Kim Lennox has always had a thing for draft crosses. In dressage, she knows that makes her an outlier.
“The first question I get whenever I ride with a clinician is, ‘OK, what is he?’ ” Lennox said of her Georgian Grande, Count Darby Grande. “So, I tell them he’s a cross between a Shire and a Saddlebred. Then they ask, ‘And he can do dressage?’ After they start watching him move, though, they’re like, ‘Oh! Wow!’ He’s unusual to look at; he’s got a lot of leftover parts. But he sure knows how to use them.”
Before purchasing the 16.3-hand gelding in 2015, Lennox learned dressage on a Hanoverian-Shire and an Oldenburg-Shire. In the past 10 years, she’s seen attitudes change towards nontraditional breeds.
“In the Pacific Northwest anyway, we’re seeing more and more diversity in horses, and I think it’s such a good thing,” Lennox said. “Good riding is good riding is good riding. When I first started bringing these draft crosses into dressage, judges were pretty critical on not having a warmblood type with that big, giant movement. Now, it seems like they’re a lot more open-minded to diversity in horses and recognizing correct as correct. You can have a Quarter Horse or an Arabian or a draft cross and be out there participating, learning and having fun.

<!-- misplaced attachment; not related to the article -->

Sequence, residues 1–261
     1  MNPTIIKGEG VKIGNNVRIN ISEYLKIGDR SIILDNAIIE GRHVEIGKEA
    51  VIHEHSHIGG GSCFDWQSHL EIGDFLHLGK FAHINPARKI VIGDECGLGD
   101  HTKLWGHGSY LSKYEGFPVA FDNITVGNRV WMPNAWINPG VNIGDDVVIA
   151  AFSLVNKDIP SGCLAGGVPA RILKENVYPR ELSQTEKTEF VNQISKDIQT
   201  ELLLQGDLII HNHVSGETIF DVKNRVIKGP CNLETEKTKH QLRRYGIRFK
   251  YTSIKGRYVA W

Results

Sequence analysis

“It’s a fun endeavor when you have something very different,” she added. “Then you can say, ‘Hey, look, different works! Different can do it, too!’ ”
Evacuation On The Double
Lennox, of Scappoose, Oregon, qualified for regional championships at fourth level and Prix St. Georges this year. But as fires spread through the Portland area in September, she didn’t know until days before the event if she would make it to the GAIG/USDF Region 6 Championships held at Donida Farm, in Auburn, Washington, Oct. 2-4.
“Two and a half weeks before the show, a fire broke out half a mile from our barn at 5 p.m. We got evacuated that night” she said. “The winds were still up, and if they’d have shifted, it would have blown right into our barn. Two days later, another fire made us evacuate from the barn we’d evacuated to. It’s scary to be evacuated from your barn. I feel so sorry for everybody who lost so much.”